The meat was terrific.  The brined shoulder a bit moister.  (I used Penzey’s BBQ Rub for the first time too; good and a bit spicy)

I attached pictures of this experiment.  Please note the beautiful smoke ring on the pork.  I actually liked the chopped pork better than pulled pork.�


I still prefer non-frozen meat.  Allows for more spontaneity.  However, the pork and the skirt steak were great.  I would recommend Heffron Farms to anyone.

My next post will focus on the differences between natural, grassfed, grain-finished, organic, and CAFO products…from the perspective of a consumer.


Posted via email from johnrumery’s in search of the secret sauce

Grand Rapids Barbecue? Fact or Fiction

As I begin mapping out my 2010 Grilladelic Resolutions, first on the list is to review the local barbecue joints in Grand Rapids.  Even before I begin this pilgrimage, I have two impressions: 

1. These cats need some serious help with their online marketing
2. The Grand Rapids barbecue scene is wide open.

Here is how I came to those conclusions.�

In the year 2010, where is the first place someone would begin their search for “barbecue in Grand Rapids”?
Correct. Google it.  Or Bing it.  Or just search on-line.�

The attached screen shots show the online results.  Only one real local “Q” establishment (Sandmanns). Several “chains”, but PLEASE don’t insult authentic barbecue with a BW3. Please.  There was no real *funk to speak of.  In fact, I know of at least three local locations that did not make the initial search;

So where to begin.  Probably Sandmanns this week, but after that???  Any ideas?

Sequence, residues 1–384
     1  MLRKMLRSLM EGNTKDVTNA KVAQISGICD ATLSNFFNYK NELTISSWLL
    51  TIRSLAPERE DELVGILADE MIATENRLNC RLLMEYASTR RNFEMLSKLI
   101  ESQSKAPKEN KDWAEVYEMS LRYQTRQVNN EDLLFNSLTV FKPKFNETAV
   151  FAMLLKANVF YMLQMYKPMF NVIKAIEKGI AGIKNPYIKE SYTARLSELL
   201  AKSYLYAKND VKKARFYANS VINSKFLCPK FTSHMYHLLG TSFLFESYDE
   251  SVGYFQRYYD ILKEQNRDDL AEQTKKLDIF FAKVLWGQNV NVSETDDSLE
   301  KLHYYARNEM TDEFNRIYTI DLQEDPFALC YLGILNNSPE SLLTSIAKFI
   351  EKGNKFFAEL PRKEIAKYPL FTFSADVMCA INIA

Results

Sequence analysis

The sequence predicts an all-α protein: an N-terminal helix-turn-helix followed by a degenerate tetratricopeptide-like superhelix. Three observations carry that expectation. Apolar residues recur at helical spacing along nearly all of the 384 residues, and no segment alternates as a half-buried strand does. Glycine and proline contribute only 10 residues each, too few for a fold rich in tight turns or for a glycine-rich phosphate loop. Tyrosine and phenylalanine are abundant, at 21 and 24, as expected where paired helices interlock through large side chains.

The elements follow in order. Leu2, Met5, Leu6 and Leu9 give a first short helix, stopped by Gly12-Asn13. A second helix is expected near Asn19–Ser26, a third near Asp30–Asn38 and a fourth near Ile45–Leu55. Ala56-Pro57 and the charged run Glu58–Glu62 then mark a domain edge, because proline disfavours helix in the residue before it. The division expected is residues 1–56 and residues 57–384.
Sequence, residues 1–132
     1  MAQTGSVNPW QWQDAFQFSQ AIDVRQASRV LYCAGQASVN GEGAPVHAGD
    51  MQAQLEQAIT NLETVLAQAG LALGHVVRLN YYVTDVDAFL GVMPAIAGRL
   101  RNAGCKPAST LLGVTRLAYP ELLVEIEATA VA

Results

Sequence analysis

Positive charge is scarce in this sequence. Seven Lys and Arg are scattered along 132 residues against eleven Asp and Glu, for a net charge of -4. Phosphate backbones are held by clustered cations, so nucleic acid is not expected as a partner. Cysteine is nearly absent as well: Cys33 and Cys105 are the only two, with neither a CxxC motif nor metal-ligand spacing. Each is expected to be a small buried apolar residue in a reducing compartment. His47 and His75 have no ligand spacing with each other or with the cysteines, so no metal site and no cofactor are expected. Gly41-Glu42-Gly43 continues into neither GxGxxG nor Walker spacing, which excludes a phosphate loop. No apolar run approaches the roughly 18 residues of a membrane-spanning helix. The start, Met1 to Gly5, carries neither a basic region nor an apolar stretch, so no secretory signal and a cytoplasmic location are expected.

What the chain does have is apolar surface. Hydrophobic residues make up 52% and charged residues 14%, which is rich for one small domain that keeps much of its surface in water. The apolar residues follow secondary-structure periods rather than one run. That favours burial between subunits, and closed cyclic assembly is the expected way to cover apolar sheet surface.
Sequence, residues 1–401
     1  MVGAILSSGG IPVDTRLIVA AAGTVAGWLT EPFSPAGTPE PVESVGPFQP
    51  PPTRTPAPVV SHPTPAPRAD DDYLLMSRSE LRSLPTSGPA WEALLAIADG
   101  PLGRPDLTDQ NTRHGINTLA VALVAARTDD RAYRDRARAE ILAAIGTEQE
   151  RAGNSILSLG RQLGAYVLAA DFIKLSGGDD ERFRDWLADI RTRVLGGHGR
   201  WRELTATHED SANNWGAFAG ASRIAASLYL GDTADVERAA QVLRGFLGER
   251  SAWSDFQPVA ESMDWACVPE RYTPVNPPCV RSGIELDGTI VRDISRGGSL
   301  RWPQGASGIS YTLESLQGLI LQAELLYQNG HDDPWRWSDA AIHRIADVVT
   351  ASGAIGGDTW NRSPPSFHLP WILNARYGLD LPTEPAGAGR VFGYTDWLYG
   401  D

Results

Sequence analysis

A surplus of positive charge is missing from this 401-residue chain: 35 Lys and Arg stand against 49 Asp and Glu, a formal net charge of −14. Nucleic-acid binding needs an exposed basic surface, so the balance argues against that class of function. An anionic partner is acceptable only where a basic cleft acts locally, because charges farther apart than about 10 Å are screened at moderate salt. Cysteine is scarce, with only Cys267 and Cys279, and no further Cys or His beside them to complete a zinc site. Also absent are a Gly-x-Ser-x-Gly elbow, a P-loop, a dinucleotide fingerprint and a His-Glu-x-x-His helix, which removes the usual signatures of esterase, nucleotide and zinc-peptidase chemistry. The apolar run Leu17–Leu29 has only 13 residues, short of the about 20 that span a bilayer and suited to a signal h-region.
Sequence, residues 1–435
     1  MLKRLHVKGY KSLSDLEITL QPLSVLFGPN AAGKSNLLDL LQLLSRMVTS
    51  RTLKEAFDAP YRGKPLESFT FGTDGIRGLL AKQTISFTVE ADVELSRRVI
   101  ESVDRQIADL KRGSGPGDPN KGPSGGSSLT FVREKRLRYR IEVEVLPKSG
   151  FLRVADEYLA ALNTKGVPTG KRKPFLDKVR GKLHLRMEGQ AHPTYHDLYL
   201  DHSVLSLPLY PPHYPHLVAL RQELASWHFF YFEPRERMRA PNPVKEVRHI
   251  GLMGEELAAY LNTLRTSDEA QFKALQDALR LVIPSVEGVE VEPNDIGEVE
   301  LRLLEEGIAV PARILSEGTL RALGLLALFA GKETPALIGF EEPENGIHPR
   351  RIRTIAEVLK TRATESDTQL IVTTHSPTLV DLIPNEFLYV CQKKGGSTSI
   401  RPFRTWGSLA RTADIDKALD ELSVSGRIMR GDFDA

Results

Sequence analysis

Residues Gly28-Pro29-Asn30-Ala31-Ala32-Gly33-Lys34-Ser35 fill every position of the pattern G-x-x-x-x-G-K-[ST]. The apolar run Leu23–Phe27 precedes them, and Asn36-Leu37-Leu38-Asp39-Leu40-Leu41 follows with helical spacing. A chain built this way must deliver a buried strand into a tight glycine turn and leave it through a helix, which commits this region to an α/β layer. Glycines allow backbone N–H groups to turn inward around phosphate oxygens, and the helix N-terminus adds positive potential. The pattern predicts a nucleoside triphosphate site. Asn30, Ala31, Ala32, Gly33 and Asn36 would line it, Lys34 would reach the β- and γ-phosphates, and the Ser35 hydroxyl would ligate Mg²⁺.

* By the way, this is BBQ funk [youtube=]

Posted via email from johnrumery’s in search of the secret sauce

Michigan Scores Two “Best of New BBQ Restaurants”


Two Michigan restaurants scored a mention in the July issue of Bon Appetit


The Yardbird sandwich (pulled chicken) from Detroit’s Slow Bar BQ

From the magazine:

Zingerman’s Roadhouse
Ann Arbor, Michigan
This eclectic eatery—part of a deli and mail-order empire—is known for its regional American dishes. So it’s no surprise that their barbecue (whole hog, chicken, brisket), pit-roasted over Michigan hardwood, is well worth a road trip. 2501 Jackson Avenue; 734-663-3663

Slows Bar BQ
At this sleek Corktown neighborhood favorite, be sure to try the Yardbird sandwich (pictured), which is piled with juicy smoked pulled chicken tossed with mushrooms and cheddar and topped with applewood bacon. Traditionalists will find comfort in an order of St. Louis-style spareribs or Texas-style beef brisket. 2138 Michigan Avenue; 313-962-9828